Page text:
Expat Explorer Survey says: #16 (not enough data for those raising children)

doha skyline qatar

Doha, Qatar skyline – photo by etnobofin from Flickr


I would absolutely love the chance to live in Moscow. Russian history fascinates me, both past and present. I’m also really keen to learn the language. Of course, Moscow is very expensive and I’m not sure how it stacks up when it comes to things like healthcare. But the salaries are high, taxes are low and the cultural experience factor tremendous. Unfortunately we’ve seen fewer and fewer job opportunities here as the months go by. Those that we do see are in places like Sakhalin, which doesn’t really appeal to us. If I’m going to a place like Russia, where the language barrier is going to be huge and the culture and politics completely different than places I’ve experienced before, I want to be in a major city.

Expat Explorer Survey says: Not listed

United Arab Emirates

Dubai isn’t exactly my idea of a fabulous travel destination but I think living there wouldn’t be so bad. The heat is, of course, a factor. But it’s a transportation hub with great airlines and affordable flights to anywhere in the world. It’s a middle point between the United States and Australia. The culture is very westernized, with more foreigners than locals as well, which means a depletion in cultural appeal but an increase in ease of lifestyle, including language and availability of goods and services. Healthcare services are also modern and widely available. Something that comes into play for us is the issue of private health insurance in a location. Not that we necessarily want it, but should our expat status make us ineligible for the government or public healthcare system, then concerns arise regarding things like waiting periods. More on this when I get to the United States.

Expat Explorer Survey says: #20 (#5 if you have children)

United Kingdom

Unless a company is willing to jump through the requisite hoops to sponsor John for a visa, forget it. The UK is currently killing itself with its oppressive immigration regulations. Salaries are also lower here than elsewhere, which doesn’t necessarily knock it off our radar. But we are looking to maximise earning potential and the UK isn’t a cheap place to live. I have not done too much research on other aspects of living there because the visa issue has never made it seem feasible to us.

Expat Explorer Survey says: #27 (#8 if you have children)

moscow night

Moscow by night – photo by Alpert from Flickr

United States

And finally we have my home country. For as many things that I love and miss about the US that make me want to move back there (conveniences, diversity, travel opportunities, etc), there are probably just as many that give me pause. At the moment, the two looming largest are the situations with the economy and healthcare. Because Obamacare is on the horizon and will tightly regulate private insurance companies from January 2014, those companies have become very aggressive in their policy structures. This means that things like maternity riders and coverage for pre-existing conditions are unheard of for private insurance. Buying into a group plan is costly if the employer doesn’t cover it for spouse or family and waiting periods would apply to us. And unlike in many other countries, with the US there is no government health system to fall back on unless you have a very low income. For some people, their access to healthcare dictates everything they do – from staying in a job they are unhappy with to the quality of the care they receive in general. Considering the relatively lower salaries on offer in the United States, this makes it tough to consider.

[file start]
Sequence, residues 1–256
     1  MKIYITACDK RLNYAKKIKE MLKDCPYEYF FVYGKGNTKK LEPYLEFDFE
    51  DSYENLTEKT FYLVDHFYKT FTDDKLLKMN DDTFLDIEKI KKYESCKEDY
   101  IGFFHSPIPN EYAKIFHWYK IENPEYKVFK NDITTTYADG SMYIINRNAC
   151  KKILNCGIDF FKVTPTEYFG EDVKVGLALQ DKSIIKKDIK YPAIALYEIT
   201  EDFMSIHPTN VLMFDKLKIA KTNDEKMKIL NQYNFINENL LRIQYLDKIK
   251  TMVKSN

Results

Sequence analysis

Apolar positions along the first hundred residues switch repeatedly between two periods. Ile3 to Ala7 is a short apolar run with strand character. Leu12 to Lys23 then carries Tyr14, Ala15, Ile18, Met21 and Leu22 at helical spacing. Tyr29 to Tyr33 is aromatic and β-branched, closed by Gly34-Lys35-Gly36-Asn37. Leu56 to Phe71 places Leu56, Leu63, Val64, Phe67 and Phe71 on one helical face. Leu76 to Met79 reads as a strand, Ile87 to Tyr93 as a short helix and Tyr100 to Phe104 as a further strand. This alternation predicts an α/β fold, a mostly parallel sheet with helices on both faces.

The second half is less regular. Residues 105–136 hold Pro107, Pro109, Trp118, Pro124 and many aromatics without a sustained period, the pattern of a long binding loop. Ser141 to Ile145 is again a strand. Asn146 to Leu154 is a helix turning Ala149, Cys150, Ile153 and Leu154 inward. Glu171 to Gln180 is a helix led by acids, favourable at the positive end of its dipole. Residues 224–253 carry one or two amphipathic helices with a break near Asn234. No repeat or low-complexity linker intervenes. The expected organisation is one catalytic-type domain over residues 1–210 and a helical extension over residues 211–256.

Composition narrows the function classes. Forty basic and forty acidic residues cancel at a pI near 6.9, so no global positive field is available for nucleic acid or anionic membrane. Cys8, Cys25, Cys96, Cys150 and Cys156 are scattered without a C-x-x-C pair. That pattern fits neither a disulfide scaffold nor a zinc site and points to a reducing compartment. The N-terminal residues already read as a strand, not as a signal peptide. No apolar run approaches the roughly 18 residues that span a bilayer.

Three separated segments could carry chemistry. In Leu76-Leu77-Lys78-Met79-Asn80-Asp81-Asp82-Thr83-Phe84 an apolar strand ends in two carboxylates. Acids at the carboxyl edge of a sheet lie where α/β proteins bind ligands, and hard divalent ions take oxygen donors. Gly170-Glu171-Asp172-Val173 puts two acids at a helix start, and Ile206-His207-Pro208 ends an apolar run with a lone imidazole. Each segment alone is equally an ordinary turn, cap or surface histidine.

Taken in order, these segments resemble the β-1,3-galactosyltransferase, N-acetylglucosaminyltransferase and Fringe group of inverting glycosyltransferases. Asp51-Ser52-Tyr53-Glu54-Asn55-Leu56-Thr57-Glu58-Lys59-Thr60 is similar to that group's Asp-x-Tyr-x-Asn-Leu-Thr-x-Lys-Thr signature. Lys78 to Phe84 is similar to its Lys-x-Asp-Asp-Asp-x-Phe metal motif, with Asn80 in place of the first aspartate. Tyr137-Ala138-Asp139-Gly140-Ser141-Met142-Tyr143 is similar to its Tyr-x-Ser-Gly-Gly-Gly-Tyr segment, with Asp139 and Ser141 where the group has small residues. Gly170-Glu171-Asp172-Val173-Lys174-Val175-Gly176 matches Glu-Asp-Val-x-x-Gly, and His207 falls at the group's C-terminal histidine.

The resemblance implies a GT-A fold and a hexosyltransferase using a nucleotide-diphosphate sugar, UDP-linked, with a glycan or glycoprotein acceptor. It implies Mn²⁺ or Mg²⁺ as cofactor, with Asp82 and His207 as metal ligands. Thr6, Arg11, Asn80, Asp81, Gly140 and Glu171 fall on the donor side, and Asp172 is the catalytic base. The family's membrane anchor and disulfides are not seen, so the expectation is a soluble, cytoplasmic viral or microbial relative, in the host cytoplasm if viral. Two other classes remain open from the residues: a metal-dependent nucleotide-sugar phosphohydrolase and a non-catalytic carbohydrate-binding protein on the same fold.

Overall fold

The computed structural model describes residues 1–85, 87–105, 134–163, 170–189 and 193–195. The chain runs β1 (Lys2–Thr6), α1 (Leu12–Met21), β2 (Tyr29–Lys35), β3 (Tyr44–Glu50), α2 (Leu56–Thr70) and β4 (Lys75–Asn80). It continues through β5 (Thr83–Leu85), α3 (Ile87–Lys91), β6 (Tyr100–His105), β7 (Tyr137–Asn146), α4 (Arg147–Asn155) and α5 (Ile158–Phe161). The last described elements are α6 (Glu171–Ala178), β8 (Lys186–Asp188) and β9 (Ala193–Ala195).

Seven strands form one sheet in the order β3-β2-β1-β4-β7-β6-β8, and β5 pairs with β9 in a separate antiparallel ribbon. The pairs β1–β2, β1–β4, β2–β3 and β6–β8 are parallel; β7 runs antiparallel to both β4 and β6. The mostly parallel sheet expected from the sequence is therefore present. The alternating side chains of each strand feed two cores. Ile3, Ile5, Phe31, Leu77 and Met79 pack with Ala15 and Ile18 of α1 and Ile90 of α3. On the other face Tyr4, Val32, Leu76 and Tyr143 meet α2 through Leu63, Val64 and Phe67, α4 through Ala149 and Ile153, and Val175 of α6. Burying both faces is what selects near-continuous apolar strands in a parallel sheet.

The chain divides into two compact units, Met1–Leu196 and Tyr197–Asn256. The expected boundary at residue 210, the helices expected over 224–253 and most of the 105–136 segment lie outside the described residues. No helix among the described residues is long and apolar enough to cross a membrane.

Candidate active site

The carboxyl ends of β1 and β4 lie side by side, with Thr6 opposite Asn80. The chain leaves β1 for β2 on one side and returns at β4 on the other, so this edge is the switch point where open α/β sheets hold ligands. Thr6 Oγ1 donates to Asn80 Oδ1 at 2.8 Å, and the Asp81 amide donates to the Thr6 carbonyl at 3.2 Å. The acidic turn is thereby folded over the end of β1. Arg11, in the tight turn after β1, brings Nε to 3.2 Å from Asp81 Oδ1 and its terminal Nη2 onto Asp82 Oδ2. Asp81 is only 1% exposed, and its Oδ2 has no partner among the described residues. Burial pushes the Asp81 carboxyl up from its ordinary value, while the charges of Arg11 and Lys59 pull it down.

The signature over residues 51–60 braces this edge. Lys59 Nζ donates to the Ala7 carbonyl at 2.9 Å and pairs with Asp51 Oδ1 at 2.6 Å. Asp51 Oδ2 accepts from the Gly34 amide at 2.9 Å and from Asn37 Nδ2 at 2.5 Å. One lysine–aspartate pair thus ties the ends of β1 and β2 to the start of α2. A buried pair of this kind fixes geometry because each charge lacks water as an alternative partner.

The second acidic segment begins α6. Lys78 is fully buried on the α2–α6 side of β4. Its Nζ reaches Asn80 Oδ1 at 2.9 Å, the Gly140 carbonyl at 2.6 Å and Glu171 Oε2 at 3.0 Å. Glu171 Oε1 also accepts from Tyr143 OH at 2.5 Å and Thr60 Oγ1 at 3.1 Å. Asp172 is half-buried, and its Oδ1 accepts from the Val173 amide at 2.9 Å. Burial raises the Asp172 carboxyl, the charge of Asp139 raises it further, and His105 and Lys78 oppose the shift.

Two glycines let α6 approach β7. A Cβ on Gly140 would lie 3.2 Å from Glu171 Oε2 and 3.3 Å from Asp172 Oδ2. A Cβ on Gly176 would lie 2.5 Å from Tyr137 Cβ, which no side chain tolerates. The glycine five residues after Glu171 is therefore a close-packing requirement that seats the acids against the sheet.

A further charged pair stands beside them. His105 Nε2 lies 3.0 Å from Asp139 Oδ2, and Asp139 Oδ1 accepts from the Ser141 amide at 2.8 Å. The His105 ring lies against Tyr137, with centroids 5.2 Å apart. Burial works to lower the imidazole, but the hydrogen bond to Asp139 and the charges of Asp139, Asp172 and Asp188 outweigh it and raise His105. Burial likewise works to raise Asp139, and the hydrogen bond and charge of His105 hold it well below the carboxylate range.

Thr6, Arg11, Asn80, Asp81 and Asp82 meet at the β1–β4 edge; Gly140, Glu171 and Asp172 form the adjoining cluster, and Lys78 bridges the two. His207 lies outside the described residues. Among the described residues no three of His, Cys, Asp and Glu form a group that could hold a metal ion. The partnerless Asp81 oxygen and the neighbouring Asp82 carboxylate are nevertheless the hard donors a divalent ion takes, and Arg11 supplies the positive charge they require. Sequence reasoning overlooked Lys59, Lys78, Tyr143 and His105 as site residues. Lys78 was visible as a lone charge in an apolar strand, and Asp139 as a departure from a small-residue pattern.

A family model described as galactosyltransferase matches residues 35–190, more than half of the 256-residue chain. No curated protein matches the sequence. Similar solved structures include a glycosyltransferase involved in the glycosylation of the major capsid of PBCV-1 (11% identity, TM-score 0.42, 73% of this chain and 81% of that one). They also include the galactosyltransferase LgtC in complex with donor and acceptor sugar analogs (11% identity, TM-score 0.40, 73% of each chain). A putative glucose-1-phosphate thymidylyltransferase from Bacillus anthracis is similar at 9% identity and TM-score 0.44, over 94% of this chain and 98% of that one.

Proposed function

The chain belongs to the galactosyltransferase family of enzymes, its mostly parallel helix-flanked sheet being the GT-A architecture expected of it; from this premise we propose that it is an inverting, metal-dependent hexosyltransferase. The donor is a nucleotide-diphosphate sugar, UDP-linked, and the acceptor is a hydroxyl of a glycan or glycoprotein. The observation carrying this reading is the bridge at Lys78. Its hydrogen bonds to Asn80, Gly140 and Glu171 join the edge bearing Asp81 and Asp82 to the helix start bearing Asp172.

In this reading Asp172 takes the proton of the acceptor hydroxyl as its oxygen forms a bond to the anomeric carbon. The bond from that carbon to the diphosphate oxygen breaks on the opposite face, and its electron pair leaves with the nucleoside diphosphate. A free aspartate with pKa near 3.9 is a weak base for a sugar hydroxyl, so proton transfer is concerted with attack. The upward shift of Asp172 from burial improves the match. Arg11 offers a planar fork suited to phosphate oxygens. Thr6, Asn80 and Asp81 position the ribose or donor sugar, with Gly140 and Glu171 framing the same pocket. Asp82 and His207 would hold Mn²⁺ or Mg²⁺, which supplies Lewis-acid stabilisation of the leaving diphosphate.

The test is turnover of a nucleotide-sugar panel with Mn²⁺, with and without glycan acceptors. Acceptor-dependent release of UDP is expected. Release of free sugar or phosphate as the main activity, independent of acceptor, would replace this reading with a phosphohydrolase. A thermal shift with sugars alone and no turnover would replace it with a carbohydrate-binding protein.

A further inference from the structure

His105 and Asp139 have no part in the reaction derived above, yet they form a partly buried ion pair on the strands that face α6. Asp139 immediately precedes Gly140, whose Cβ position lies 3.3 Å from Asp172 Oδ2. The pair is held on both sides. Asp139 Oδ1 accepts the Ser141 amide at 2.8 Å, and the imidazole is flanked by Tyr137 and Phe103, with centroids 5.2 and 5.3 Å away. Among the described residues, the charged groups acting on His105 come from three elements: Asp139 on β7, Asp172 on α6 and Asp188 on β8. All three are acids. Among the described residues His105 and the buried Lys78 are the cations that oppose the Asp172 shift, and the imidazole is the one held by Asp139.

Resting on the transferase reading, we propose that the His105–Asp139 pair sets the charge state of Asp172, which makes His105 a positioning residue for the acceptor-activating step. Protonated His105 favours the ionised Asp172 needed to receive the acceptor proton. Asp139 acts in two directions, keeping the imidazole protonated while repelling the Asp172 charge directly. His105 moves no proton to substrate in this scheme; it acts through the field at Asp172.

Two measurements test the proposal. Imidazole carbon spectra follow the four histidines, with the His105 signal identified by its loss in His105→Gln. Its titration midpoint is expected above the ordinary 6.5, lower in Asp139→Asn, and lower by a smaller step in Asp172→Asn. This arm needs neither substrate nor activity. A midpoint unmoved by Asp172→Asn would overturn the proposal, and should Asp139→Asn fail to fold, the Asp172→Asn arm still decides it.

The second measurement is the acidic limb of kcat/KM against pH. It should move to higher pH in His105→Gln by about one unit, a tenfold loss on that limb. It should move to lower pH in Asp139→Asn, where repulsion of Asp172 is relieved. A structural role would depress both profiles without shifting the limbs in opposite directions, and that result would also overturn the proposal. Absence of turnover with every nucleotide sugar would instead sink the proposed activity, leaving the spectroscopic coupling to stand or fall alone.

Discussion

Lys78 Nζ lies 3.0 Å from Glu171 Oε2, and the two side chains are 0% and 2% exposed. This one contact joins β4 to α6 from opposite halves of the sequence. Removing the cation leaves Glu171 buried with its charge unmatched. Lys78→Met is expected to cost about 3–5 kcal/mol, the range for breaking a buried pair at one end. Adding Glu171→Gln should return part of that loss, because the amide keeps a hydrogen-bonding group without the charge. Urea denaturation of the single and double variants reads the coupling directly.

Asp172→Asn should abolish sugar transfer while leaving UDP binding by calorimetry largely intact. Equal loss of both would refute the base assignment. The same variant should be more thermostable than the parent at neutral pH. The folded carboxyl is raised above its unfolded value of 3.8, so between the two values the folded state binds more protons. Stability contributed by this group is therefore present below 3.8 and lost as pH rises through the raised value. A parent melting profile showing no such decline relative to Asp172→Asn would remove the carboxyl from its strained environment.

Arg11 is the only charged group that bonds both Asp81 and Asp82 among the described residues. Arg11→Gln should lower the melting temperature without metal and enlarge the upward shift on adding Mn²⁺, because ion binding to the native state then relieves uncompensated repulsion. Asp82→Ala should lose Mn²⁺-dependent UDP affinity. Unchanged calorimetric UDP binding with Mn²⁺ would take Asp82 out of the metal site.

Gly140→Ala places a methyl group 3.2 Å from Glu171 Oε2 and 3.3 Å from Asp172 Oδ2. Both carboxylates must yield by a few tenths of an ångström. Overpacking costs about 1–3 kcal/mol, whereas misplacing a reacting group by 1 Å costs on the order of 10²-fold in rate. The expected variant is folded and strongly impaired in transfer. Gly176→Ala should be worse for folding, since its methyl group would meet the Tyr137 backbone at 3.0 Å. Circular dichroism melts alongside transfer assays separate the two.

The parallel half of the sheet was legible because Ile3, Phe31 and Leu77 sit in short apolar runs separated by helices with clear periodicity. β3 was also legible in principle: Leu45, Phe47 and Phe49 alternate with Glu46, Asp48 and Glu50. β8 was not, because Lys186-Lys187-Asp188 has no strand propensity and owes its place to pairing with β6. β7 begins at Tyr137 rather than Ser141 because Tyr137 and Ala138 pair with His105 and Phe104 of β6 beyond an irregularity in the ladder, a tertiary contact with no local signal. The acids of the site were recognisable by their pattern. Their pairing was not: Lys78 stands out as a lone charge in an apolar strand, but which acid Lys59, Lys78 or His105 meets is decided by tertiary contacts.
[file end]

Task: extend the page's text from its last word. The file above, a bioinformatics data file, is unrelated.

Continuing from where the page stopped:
Like the UK, the US also suffers from crippling immigration policies.  While some skilled worker visas do exist and can be quite easy to obtain, they may also be restrictive in some aspects. When you look, for example, at what happens if you lose or decide to leave your job in Norway as a foreigner (you get six months to find another one), versus what happens should the same occur in the States (you have to leave the country in 10 days), it’s hard to say that putting ourselves in such a situation is appealing. Getting John a Green Card on the basis of our marriage is easier said than done as well. I would need to move back to the US and re-establish my residency first. This would mean getting set up with a home and a job on my own. I would then have to sponsor him to come over. This could take many months. He has applied for the Green Card lottery, just to have another option should he be successful. This would simplify the process and allow us to apply from offshore without my having to become a sponsor with all that entails. We will find out in May if he got it.

Expat Explorer Survey says: #22 (#6 for raising children)

And then there’s the option of just staying in Norway. Not a bad one at the moment, though by no means ideal or long-term. John has work here for the foreseeable future in a job he’s happy with. Our visas are valid until sometime in 2014. We have healthcare. Of course, my experience with the public healthcare system here has been shocking so far, but, hey, at least if we have some kind of medical emergency we can be assured it won’t bankrupt us. Megan Starr and I covered some of the pros and cons of living in Norway in our posts about things expats should know before moving to Norway. We’ve given up the lease on our house so the biggest inconvenience for us would be having to move. Of course, locking ourselves into another year lease means that we lose that flexibility. It’s a tough call. At the moment we are seeing what the next several weeks bring in terms of job opportunities. We’ll keep you posted…

Are you considering an international move at the moment? What are some of your thoughts and feelings on the matter?